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What numbers make visible & what they erase

That I read Caitlin Rosenthal’s Accounting for Slavery: Masters and Management was a bit random – we’re going away for a week and I didn’t want to start a holiday book, so pulled this bound proof the publisher had sent me off the pile. I’m glad I did. It’s a terrifically interesting book. It’s in effect a business history of slavery in the Caribbean and the American south, using the detailed management records that remain to understand how plantations were run – just as business historians would later use similar documentary evidence to trace the practices of management in industry. As she writes, “Scale required structure.” The sugar and cotton plantations were sometimes very large scale indeed. And the science of management emerged in this context before any manufactories grew to the same kind of scale.

There is a particularly illuminating section on the standardisation of record keeping: “Preprinted forms were an important and overlooked technology in organizing plantation labor.” Early records were hand written and ruled, with documents often sent to absentee owners in England – this was, Rosenthal points out, also one of the earliest instances of the separation of ownership and control, as large plantations were often run by professional managers. (The role of earnings from slavery in fuelling the growth of financial instruments and the City in England are the subject of this UCL research project, Legacies of British Slave-ownership) The availability of standard forms helped spread the ‘scientific management’ techniques – again, ahead of Taylor’s famous introduction of scientific management in industry. (This reminded me of Donald Mackenzie’s brilliant essay on how the commercial availability of options prices calculated by computers helped grow derivatives markets.)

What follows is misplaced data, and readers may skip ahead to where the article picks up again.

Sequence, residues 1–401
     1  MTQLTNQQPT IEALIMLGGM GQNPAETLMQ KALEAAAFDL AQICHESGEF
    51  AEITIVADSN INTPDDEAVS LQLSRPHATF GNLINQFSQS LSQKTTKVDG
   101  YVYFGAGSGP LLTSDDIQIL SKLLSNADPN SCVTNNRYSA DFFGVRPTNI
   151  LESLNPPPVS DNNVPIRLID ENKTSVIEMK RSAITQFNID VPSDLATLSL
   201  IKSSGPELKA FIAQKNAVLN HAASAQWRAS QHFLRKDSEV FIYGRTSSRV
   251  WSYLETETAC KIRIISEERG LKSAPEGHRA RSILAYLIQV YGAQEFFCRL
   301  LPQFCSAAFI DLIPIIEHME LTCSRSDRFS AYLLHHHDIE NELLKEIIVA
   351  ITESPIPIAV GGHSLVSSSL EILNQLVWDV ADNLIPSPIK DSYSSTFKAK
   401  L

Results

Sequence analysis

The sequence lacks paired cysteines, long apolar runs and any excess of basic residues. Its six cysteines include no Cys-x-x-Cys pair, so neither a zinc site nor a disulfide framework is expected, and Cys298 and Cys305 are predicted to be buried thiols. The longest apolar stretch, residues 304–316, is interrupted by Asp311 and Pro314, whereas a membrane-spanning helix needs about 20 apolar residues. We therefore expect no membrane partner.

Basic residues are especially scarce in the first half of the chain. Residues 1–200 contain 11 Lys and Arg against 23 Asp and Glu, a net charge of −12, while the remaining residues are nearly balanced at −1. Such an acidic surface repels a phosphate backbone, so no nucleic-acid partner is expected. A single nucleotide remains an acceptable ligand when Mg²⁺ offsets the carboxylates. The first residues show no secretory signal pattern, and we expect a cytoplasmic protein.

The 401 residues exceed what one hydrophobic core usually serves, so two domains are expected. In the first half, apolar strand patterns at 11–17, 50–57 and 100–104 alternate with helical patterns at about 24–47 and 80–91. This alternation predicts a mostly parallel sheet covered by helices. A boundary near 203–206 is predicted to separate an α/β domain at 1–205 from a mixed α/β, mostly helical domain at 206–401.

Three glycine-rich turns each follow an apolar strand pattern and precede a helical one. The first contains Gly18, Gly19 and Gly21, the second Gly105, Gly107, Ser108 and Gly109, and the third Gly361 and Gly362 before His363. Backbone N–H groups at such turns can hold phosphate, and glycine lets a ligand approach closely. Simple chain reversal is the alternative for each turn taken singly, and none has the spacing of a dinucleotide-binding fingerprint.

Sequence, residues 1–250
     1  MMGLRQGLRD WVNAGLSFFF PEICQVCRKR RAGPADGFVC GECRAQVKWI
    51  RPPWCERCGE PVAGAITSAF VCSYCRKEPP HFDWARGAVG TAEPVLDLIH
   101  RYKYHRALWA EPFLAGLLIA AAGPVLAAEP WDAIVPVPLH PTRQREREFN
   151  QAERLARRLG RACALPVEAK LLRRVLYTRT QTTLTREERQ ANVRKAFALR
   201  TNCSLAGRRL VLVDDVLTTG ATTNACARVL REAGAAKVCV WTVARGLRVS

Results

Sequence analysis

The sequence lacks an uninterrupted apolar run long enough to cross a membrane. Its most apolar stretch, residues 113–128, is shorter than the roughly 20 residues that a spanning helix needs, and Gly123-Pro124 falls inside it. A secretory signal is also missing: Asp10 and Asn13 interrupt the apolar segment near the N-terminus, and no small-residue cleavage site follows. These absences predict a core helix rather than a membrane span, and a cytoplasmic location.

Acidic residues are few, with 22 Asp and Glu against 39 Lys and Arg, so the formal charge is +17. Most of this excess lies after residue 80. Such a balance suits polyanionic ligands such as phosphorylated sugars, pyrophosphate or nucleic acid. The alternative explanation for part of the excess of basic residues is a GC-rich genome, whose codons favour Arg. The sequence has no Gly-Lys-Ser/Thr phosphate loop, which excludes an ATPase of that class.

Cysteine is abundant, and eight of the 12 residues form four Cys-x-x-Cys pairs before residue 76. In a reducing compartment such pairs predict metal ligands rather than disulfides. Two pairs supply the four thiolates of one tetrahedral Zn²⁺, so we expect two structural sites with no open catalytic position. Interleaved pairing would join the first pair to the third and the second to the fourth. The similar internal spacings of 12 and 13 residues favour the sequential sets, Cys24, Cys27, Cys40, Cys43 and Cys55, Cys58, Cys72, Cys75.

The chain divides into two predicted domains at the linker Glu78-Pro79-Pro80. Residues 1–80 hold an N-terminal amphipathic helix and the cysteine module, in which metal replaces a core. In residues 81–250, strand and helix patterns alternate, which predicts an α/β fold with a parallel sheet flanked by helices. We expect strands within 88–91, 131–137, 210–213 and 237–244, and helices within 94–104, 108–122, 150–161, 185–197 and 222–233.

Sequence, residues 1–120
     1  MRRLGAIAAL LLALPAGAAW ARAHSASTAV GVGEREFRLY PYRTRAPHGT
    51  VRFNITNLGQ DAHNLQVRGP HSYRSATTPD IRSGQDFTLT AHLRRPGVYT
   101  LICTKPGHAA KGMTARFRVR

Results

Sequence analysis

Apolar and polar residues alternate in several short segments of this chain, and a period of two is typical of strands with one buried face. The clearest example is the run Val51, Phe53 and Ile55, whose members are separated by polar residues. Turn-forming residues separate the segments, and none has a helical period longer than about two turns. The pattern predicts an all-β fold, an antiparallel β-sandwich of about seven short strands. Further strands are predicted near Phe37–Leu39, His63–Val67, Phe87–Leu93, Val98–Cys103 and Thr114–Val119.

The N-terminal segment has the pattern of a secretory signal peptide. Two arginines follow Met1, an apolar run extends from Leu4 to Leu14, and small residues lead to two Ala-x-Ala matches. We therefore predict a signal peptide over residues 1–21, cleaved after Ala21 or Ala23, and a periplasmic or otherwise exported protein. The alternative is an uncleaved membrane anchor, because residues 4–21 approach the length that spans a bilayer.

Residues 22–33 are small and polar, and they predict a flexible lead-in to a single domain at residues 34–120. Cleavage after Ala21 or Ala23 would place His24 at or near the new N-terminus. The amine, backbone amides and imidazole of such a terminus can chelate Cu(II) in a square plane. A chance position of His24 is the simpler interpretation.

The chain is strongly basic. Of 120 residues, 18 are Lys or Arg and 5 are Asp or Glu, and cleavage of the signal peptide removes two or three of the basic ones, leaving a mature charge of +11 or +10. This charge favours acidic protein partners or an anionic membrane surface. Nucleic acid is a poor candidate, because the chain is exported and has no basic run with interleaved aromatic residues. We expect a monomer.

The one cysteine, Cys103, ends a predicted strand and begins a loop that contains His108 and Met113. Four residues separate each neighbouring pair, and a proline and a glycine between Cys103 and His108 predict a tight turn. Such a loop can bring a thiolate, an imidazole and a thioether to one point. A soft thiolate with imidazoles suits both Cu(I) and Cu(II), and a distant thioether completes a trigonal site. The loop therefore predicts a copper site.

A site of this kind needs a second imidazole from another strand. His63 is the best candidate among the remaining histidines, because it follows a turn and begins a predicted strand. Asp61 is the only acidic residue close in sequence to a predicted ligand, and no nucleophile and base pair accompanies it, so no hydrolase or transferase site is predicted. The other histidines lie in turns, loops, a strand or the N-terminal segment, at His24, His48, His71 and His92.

Rosenthal also covers the role of slaves as, literally, human capital. Plantation managers kept inventory records and appied several different valuation techniques. As she observes, this was fundamentally an issue about property and therefore about power and politics, property being something defined by law. (And property in the form of people is more political than most.) By the eve of the Civil War, the total value of enslaved human capital was over $3 billion. (Before anyone takes this particularly noxious version of human capital as an opportunity to knock economics, economists were prominent in the abolition campaign, and historian Thomas Carlyle named economics the ‘dismal science’ for not respecting the property rights of slave owners.)

Rosenthal (formerly a management consultant) ends by pointing out that labor conditions for many people in the world still leave much to be desired: “Confronting plantation account books can remind us how easy it is to overlook the conditions of production from the comfort of a counting house or safety of a computer screen. Reckoning with the ways planters accounted for slavery should encourage us to rethink the kinds of data we record and how we use it. Quantitative records can help us to see farther, but only if we remember what the numbers make visible and what they erase.”